Administering the antibiotic azithromycin alongside the standard recommended antibiotic regimen, cefazolin, reduces infection rates by 50% for women who have a non-elective caesarean delivery, a University of Alabama at Birmingham study has found.
A study shows adding the dose of 500mg of azithromycin during a C-section also significantly decreases the use of health care resources, including readmissions, emergency room visits and clinic visits.
“Infection during pregnancy and during the post-pregnancy period is a major health problem for both mom and baby, and a common underlying cause of death,” said Dr Alan TN Tita, professor in the UAB division of maternal-foetal medicine and the Centre for Women’s Reproductive Health, and principal investigator of the study. “Women who have a C-section are at significantly increased risk for infection compared to those who deliver vaginally. A major national goal is to reduce the risk of infection after surgery, and this finding is the culmination of investigative work over decades.”
Infection is among the top five causes of maternal death in the US, and caesarean delivery is the most common major surgical procedure, with up to five times the risk for infection than a vaginal delivery.
“When our group first developed the idea that a second antibiotic could help reduce infections for these women, we found reassurance in the fact that some patients who have preterm premature rupture of the membranes receive two antibiotics to help reduce infection and prolong pregnancy,” Tita said.
A clinical trial funded by the Eunice Kennedy Shriver National Institute of Child Health and Human Development was conducted across 14 hospitals in the US with 2,013 women who were more than 24 weeks’ gestation and undergoing a C-section during labour or after membrane rupture. A randomised group of patients received either the standard antibiotic regimen to prevent infection or a modified regimen with the additional azithromycin. Pfizer Inc donated the azithromycin and had no other role in the study.
“These results are extremely important, given that the maternal death rate has increased in the US and there is an urgent need for therapies to decrease serious complications that can lead to maternal deaths,” said Dr Uma Reddy, NICHD project officer for the study.
The UAB department of biostatistics analysed data gathered from 14 participating hospitals to reveal that the frequency of endometritis, an infection of the lining of the uterus, and infection of the caesarean wound were decreased by 50% in the women who received the adjunctive azithromycin compared to women who received the standard single antibiotic. The babies who were delivered with the additional azithromycin did not have an increased risk of adverse events.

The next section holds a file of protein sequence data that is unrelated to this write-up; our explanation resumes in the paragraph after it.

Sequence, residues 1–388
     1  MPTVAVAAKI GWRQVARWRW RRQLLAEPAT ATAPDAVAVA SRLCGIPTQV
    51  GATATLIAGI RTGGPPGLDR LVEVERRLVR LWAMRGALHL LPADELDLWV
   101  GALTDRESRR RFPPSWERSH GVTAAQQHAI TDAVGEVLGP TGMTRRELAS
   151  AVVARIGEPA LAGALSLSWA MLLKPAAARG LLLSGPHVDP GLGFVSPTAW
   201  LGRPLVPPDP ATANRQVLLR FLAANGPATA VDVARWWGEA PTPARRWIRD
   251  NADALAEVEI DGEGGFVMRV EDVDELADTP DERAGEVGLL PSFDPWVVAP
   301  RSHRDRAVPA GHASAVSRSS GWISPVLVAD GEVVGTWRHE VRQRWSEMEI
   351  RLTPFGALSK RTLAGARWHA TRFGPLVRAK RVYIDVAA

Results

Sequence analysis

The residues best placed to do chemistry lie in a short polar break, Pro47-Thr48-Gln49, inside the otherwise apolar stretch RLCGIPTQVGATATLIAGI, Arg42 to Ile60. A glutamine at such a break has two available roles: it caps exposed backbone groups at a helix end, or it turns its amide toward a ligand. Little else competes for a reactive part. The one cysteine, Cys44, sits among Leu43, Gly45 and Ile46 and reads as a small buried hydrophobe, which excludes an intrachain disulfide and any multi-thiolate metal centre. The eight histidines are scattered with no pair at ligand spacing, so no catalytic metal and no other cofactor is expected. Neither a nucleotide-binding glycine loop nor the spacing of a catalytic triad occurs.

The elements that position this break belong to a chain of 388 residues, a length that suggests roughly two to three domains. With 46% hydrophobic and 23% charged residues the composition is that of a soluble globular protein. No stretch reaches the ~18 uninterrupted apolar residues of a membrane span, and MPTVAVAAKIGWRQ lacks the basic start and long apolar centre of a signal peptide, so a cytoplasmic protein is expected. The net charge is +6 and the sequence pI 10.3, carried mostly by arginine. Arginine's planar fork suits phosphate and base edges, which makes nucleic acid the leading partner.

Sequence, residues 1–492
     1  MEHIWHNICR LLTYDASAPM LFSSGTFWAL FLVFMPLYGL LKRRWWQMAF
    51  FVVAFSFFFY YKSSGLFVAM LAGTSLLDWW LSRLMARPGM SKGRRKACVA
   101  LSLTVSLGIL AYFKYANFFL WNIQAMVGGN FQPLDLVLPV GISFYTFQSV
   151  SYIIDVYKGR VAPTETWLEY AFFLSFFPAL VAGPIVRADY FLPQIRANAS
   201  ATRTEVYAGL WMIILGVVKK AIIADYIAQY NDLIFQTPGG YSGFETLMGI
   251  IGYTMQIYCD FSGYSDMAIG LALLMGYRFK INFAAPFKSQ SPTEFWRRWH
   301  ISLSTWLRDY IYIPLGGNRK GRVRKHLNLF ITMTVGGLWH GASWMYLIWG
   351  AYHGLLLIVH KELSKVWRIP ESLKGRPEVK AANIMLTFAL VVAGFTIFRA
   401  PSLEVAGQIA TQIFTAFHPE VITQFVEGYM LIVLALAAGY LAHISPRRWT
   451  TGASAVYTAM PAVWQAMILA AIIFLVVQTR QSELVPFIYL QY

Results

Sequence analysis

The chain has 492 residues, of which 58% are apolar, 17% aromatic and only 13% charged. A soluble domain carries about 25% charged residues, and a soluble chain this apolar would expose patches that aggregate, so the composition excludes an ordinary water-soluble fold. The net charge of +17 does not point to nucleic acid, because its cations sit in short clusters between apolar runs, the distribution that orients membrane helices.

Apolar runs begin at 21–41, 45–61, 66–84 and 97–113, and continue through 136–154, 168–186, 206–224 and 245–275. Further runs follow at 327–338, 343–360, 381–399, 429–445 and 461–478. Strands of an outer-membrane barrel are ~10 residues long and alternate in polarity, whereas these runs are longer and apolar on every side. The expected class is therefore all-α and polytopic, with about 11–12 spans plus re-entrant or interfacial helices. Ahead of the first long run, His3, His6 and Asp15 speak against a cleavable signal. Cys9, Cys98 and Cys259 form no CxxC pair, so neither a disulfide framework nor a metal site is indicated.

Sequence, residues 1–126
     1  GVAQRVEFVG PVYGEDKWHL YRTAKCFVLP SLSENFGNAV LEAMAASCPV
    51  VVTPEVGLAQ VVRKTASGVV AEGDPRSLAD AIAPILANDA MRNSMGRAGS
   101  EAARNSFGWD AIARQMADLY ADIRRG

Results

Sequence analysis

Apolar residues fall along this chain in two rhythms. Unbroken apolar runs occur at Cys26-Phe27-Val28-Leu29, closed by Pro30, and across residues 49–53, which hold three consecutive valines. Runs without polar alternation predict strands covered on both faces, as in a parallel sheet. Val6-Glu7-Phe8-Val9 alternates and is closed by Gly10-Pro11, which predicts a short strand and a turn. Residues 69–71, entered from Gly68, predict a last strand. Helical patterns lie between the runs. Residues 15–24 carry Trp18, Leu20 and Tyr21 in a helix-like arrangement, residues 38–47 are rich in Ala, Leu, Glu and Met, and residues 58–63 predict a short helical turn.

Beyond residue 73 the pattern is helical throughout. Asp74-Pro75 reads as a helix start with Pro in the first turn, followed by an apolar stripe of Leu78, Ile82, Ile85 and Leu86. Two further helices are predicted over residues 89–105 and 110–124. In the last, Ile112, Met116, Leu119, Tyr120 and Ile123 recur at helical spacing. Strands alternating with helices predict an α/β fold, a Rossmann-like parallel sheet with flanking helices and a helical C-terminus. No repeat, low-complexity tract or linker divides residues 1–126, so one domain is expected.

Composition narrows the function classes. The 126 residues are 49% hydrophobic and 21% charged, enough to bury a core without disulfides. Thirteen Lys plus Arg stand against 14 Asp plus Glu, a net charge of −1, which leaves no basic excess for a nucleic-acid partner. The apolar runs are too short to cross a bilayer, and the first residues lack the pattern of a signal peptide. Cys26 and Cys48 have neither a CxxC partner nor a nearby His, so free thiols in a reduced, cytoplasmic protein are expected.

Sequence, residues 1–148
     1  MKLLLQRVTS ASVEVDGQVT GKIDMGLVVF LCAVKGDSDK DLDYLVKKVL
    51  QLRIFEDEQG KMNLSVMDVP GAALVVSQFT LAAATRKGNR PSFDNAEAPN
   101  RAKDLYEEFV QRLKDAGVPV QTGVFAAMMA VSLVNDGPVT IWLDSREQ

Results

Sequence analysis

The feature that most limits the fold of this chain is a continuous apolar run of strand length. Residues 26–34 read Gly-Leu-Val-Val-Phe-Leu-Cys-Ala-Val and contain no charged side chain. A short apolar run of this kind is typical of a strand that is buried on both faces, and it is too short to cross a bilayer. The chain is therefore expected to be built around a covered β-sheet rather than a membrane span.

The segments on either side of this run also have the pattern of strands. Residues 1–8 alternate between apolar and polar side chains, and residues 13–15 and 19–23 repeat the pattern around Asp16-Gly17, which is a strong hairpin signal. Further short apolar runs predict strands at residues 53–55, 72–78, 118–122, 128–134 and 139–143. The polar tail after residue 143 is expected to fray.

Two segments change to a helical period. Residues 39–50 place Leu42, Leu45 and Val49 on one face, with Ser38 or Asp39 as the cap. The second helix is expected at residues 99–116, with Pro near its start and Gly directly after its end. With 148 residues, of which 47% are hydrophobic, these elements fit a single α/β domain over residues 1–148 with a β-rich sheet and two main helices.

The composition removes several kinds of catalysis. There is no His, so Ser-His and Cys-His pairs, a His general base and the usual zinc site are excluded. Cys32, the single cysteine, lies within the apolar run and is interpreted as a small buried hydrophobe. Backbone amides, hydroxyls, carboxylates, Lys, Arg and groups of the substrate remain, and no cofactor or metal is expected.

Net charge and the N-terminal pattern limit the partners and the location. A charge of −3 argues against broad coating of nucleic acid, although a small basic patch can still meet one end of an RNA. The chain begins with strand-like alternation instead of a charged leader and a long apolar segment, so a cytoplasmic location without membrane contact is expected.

“Further analyses indicate that the benefits associated with adjunctive azithromycin are consistent across several subgroups of patients,” said Dr Jeff Szychowski, associate professor in the UAB School of Public Health department of biostatistics. “Thanks to the dedication of research staff across the consortium of 14 centres to successfully execute a clinical trial of this magnitude, we are poised to perform multiple follow-up investigations and to understand the ramifications of these results more completely.”
Additionally, hospital readmission rates and unscheduled visits to a clinic or to the emergency room were reduced. “There are significant costs associated with infections,” Tita said. “The reduction in re-admissions, visits, fevers and overall antibiotic use due to the intervention was higher than we expected, and translates to reduced health care costs.”
“This was a significant breakthrough that has identified a simple and inexpensive way to reduce the most common complication associated with caesarean delivery,” said Dr William Andrews, chair of the UAB department of obstetrics and gynaecology and chair of the steering committee for the study.
Background: The addition of azithromycin to standard regimens for antibiotic prophylaxis before cesarean delivery may further reduce the rate of postoperative infection. We evaluated the benefits and safety of azithromycin-based extended-spectrum prophylaxis in women undergoing nonelective cesarean section.
Methods: In this trial conducted at 14 centers in the United States, we studied 2013 women who had a singleton pregnancy with a gestation of 24 weeks or more and who were undergoing cesarean delivery during labor or after membrane rupture. We randomly assigned 1019 to receive 500 mg of intravenous azithromycin and 994 to receive placebo. All the women were also scheduled to receive standard antibiotic prophylaxis. The primary outcome was a composite of endometritis, wound infection, or other infection occurring within 6 weeks.
Results: The primary outcome occurred in 62 women (6.1%) who received azithromycin and in 119 (12.0%) who received placebo (relative risk, 0.51; 95% confidence interval [CI], 0.38 to 0.68; P<0.001). There were significant differences between the azithromycin group and the placebo group in rates of endometritis (3.8% vs. 6.1%, P=0.02), wound infection (2.4% vs. 6.6%, P<0.001), and serious maternal adverse events (1.5% vs. 2.9%, P=0.03). There was no significant between-group difference in a secondary neonatal composite outcome that included neonatal death and serious neonatal complications (14.3% vs. 13.6%, P=0.63).
Conclusions: Among women undergoing nonelective cesarean delivery who were all receiving standard antibiotic prophylaxis, extended-spectrum prophylaxis with adjunctive azithromycin was more effective than placebo in reducing the risk of postoperative infection.
Alan TT Tita, Jeff M Szychowski, Kim Boggess, George Saade, Sherri Longo, Erin Clark, Sean Esplin, Kirsten Cleary, Ron Wapner, Kellett Letson, Michelle Owens, Adi Abramovici, Namasivayam Ambalavanan, Gary Cutter, William Andrews